The 21' CAPRI was an extended bow 20' RIVIERA, with the CAPRI windshield and styling features. A major change was the addition of optional V-8 power along with the M-series engines. 170 were built during 1955 and 1956, at which time the original RIVIERA-based 21' CAPRI was retired.
The COBRAS, both the 18' and the 21', were Chris-Craft's attempt to update the racing runabout concept with mid-50s styling, including the famous tail fins. The little 18' was loosely based upon pre-war 16' racing runabouts with the top engine option a 131 hp "KBL." The 21' was based upon the 19' racing runabout with an extended bow and both M-series engines and V-8 options. The Cadillac powered 21' COBRAS were Chris-Craft's first post-war attempt at true high performance runabouts, with top speeds easily exceeding 50 mph. Unfortunately, handling problems ensued. With their labor-intensive fiber glass fins and deck lids, the COBRAS were never intended for large scale production and were only produced during the 1955 model year. A total of 51 18's and 55 21's were produced.
See Bob Ragone's 1955 21' Cobra,
hull # BR-21-041. This boat has the factory installed CM-285/Cal Connell Cadillac engine serial # CCC 1256R. Purchased in 2002 in Michigan- it is believed only 18 remain. (click photo for larger image)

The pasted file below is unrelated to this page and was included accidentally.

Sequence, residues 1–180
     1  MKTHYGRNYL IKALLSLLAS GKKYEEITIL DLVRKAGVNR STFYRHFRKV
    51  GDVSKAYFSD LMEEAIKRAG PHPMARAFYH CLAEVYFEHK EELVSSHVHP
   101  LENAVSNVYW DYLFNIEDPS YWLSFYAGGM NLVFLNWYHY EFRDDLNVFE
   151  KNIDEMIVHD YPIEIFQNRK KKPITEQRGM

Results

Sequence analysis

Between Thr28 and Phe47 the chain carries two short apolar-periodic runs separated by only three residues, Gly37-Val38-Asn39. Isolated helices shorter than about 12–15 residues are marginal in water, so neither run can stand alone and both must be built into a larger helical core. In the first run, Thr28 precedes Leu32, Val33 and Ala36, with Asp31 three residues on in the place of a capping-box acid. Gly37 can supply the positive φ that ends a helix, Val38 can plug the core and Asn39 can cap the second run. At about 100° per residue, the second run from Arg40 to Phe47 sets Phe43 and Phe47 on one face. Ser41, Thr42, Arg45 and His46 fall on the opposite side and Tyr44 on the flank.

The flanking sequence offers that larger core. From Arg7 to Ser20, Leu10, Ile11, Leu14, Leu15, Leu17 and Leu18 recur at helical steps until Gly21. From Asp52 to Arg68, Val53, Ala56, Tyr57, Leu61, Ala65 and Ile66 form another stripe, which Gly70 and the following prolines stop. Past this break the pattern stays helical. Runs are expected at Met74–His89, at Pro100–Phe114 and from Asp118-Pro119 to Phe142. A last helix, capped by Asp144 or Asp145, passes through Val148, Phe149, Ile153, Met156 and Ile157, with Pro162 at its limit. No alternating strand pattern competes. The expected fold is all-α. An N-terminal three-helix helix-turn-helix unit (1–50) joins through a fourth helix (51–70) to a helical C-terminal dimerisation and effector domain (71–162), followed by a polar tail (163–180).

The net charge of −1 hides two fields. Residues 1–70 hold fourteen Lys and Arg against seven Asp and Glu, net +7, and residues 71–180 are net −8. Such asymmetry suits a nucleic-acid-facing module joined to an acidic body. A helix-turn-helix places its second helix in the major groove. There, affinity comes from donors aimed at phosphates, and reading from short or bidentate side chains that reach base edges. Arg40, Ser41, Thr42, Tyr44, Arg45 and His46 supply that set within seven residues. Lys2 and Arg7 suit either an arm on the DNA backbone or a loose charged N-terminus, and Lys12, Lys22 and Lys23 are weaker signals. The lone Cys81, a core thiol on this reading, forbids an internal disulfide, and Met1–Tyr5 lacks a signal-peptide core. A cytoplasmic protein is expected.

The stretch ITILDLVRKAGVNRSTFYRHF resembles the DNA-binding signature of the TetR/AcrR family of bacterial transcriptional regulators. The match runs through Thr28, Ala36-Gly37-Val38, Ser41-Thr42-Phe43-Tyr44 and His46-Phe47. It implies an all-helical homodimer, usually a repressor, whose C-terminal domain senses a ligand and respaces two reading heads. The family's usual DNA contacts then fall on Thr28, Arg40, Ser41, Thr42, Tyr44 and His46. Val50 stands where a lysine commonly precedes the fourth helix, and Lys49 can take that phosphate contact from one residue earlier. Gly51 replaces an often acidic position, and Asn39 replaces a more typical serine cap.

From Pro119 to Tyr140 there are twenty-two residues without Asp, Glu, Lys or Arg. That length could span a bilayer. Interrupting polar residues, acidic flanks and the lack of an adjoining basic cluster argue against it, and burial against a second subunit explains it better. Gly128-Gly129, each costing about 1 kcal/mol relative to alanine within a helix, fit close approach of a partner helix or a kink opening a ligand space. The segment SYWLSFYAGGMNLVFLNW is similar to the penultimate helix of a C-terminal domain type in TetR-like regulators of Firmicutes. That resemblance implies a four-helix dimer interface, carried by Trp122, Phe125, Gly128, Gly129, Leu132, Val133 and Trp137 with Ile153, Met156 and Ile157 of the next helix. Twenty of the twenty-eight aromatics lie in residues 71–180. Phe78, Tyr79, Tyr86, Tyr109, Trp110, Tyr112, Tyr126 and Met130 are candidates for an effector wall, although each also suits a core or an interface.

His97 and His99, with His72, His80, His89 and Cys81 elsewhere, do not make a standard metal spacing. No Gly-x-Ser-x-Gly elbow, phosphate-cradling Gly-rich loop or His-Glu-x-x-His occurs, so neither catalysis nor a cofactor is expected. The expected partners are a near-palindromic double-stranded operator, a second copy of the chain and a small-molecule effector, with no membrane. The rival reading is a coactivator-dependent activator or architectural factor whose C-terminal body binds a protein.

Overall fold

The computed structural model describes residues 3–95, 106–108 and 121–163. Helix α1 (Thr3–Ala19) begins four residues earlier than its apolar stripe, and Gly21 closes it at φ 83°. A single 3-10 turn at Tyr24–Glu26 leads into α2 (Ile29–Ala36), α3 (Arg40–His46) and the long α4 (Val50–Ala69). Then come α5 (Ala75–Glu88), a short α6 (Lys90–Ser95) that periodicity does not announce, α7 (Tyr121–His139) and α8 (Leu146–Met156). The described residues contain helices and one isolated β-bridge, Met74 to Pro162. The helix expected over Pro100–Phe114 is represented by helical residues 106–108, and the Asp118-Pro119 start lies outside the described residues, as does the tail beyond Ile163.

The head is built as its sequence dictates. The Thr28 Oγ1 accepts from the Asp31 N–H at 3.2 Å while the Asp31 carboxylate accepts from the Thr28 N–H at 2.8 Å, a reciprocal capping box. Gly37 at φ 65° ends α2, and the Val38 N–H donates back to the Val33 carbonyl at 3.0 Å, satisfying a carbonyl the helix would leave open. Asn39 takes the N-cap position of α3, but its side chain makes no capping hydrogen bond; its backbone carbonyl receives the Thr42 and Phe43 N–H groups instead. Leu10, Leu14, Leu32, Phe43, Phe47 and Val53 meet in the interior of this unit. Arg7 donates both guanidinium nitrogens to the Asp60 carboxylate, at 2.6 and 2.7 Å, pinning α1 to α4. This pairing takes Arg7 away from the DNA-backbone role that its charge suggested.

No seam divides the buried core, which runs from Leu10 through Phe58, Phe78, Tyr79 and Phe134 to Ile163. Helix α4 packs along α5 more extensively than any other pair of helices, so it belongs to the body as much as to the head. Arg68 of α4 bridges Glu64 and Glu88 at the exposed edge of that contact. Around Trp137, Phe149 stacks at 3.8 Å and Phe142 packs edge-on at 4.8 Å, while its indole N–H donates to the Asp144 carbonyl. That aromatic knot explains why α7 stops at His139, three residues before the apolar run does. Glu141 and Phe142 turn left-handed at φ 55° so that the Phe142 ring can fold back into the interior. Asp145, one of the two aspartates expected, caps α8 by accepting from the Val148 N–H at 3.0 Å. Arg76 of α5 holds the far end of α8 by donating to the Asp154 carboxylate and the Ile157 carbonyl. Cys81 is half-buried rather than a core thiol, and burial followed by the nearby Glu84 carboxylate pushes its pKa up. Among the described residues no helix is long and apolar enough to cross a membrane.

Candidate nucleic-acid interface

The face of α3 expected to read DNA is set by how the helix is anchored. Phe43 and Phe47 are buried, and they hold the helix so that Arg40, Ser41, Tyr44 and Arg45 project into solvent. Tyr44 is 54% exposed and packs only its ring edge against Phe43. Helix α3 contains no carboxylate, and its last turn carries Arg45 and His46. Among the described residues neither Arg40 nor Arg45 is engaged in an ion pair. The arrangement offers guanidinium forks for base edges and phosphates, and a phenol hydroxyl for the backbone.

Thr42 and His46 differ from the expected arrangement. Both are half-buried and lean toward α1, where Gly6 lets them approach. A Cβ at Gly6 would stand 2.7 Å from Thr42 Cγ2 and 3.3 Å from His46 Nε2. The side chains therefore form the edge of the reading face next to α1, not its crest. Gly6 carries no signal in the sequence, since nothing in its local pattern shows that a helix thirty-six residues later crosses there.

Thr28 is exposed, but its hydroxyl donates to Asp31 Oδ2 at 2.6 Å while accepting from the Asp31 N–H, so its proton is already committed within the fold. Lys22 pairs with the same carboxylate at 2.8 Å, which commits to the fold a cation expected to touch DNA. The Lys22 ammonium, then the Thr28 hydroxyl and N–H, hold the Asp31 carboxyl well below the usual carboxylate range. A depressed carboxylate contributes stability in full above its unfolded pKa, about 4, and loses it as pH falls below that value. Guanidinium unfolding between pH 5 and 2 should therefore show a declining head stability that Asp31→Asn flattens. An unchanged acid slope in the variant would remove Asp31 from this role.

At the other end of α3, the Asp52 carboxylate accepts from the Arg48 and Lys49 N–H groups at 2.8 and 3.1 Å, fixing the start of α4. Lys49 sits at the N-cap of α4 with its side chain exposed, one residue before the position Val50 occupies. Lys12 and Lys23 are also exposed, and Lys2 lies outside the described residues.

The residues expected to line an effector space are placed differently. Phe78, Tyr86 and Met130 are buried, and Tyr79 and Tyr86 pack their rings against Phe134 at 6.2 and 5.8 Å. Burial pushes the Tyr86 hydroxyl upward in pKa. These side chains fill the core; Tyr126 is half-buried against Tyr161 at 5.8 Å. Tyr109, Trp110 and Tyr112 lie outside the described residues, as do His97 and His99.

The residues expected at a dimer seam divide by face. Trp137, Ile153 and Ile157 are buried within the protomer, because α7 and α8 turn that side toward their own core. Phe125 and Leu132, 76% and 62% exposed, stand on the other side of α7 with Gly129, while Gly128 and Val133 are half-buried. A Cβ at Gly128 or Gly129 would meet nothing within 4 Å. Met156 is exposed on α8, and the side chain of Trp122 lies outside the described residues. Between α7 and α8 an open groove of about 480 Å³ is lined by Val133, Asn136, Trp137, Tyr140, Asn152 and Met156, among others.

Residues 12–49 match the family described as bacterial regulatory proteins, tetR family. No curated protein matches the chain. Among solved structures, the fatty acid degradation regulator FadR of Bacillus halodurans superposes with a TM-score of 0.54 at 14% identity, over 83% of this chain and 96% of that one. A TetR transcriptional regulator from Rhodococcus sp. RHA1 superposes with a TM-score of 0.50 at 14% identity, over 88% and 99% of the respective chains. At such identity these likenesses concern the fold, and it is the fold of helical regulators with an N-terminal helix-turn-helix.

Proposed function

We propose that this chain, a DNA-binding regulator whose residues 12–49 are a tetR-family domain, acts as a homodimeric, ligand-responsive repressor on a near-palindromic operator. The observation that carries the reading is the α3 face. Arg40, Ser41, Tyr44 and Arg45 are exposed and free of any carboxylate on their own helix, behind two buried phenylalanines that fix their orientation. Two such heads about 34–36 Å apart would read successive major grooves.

21' CAPRI (V-8)
For the 1958 model year (introduced mid-1957), Chris-Craft replaced the RIVIERA-based 21' CAPRI with an entirely new model based on the new 21' CONTINENTAL. These boats were known for their automotive based styling details, including white tail fins, sloping aft decks, and interiors which appeared to be direct copies of the latest from Detroit. With large V-8s, these boats were heavy and fast, and were in fact the last of the large Chris-Craft runabouts. A total of 44 were built from mid-1957 through 1959, making the tail fin CAPRI the rarest of all post-war Chris-Craft runabouts.
18'/19' CAPRI (V-8)
An all new 18' CAPRI was introduced for 1959, based on the 1957 18' CONTINENTAL hull and hardware. Chris-Craft's new for 1959 283 V-8 was the engine of choice and the characteristic bullnose was replaced by a more traditional "clipper" bow. "Ks" were still available, but most of the 65 produced for 1959 were shipped with V-8s.
For 1960, the aft deck was stretched a few inches so that the final Chris-Craft runabout could be called 19'. Finally, for 1961 the hull side trim was slightly revised, with a painted white panel added near the stern, but otherwise the design remained the same. 112 were built for 1960, and 60 for 1961. Altogether, 237 18'/19' CAPRIS were built for the 1959 through 1961 model years, ending 40 years of runabout production by Chris-Craft.
Whoever owns CAPRI # 19-CRB060 owns the very last true runabout built by Chris-Craft. The numbers tell the story. Chris-Craft built 1880 17' DELUXES; 1210 18' RIVIERAS; 786 19' CAPRIS; and finally 237 18' CAPRIS. By 1960 runabouts were out of fashion and consumers were interested in high performance de luxe utilities, often configured for water skiing, a trend which continues today.
Altogether, Chris-Craft produced 6,337 runabouts from 1946 through 1961.
Chris Craft by The Numbers - Post-War Runabouts